Several of you have asked whether the candidate who wins the “bounce war” – who gets the biggest bounce in approval coming out of their respective convention – is more likely to win the general election. In response, I went back and looked at the bounce winner dating back to 1960. In 7 of 11 elections, the winner of the bounce went on to win the general election (I did not include Gore’s victory in the 2000 “bounce” war, since he won the popular vote, but lost the Electoral College vote). So, since McCain won the “bounce” this year, does this indicate that he is more likely to win the general election? I discussed this question with my colleague, Professor Amy Yuen, and she ran some simple statistical tests to try to find an answer. Without going too deeply into the statistics, what we want to do is compare our sample’s outcome – 7 out of 11 bounce winners go on to win the general election – with what we think is the “real” underlying relationship between the bounce and the election outcome. We might think that the winner of the bounce should always win the election. In this case, we ask whether our sample outcome is, statistically speaking, different from the “real” relationship in which the bounce winner actually goes on to win the general election every time.
Another way to think about it is to assume that there is no relationship between winning the bounce and winning the general election. That is, a candidate’s odds of winning the election after winning the bounce are really no better than 50/50. So here the comparison is between winning 7 of 11 times versus winning 5.5 out of 11.
In short, we are asking the same question, but testing it in two different ways. So, what does our statistical testing tell us? Based on past history, can we infer that McCain is more likely to win the general election because his post-convention bounce was bigger than Obama’s? Amy was kind enough to run the statistical tests (all tests using the STATA 10 statistical program) and found that, in fact, one cannot be confident that there is any difference (within a commonly accepted level of statistical significance) between simply flipping a coin and the bounce winner going on to win 7 out of 11 elections. On the other hand, we can reject the idea that winning 7 of 11 times is, statistically speaking, equivalent to the bounce winner going on to win every election. In short, both results indicate that we can say that McCain’s winning the bounce does not tell us that he will win the general election; statistically, we find no relationship between the two events. (By the way, if you are interested in learning more about this test and about political science research methods more generally, I recommend taking my colleague Bert Johnson’s course Frontiers in Political Science Research this fall. He takes you through a variety of research issues, many of which we will touch on in the coming weeks in this blog. I hope to have both Amy and Bert guest blog on issues touching on their specialties as time permits.)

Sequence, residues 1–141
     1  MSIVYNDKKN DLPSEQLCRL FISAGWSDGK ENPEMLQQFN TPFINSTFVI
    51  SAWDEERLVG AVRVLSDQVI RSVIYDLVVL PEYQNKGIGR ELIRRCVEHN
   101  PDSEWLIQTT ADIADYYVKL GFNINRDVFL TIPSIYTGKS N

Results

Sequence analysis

Having said this, there is tantalizing evidence based on the post-convention survey data, that something is happening among likely voters in this race as a consequence of the two conventions. I’ll address this issue in my next blog.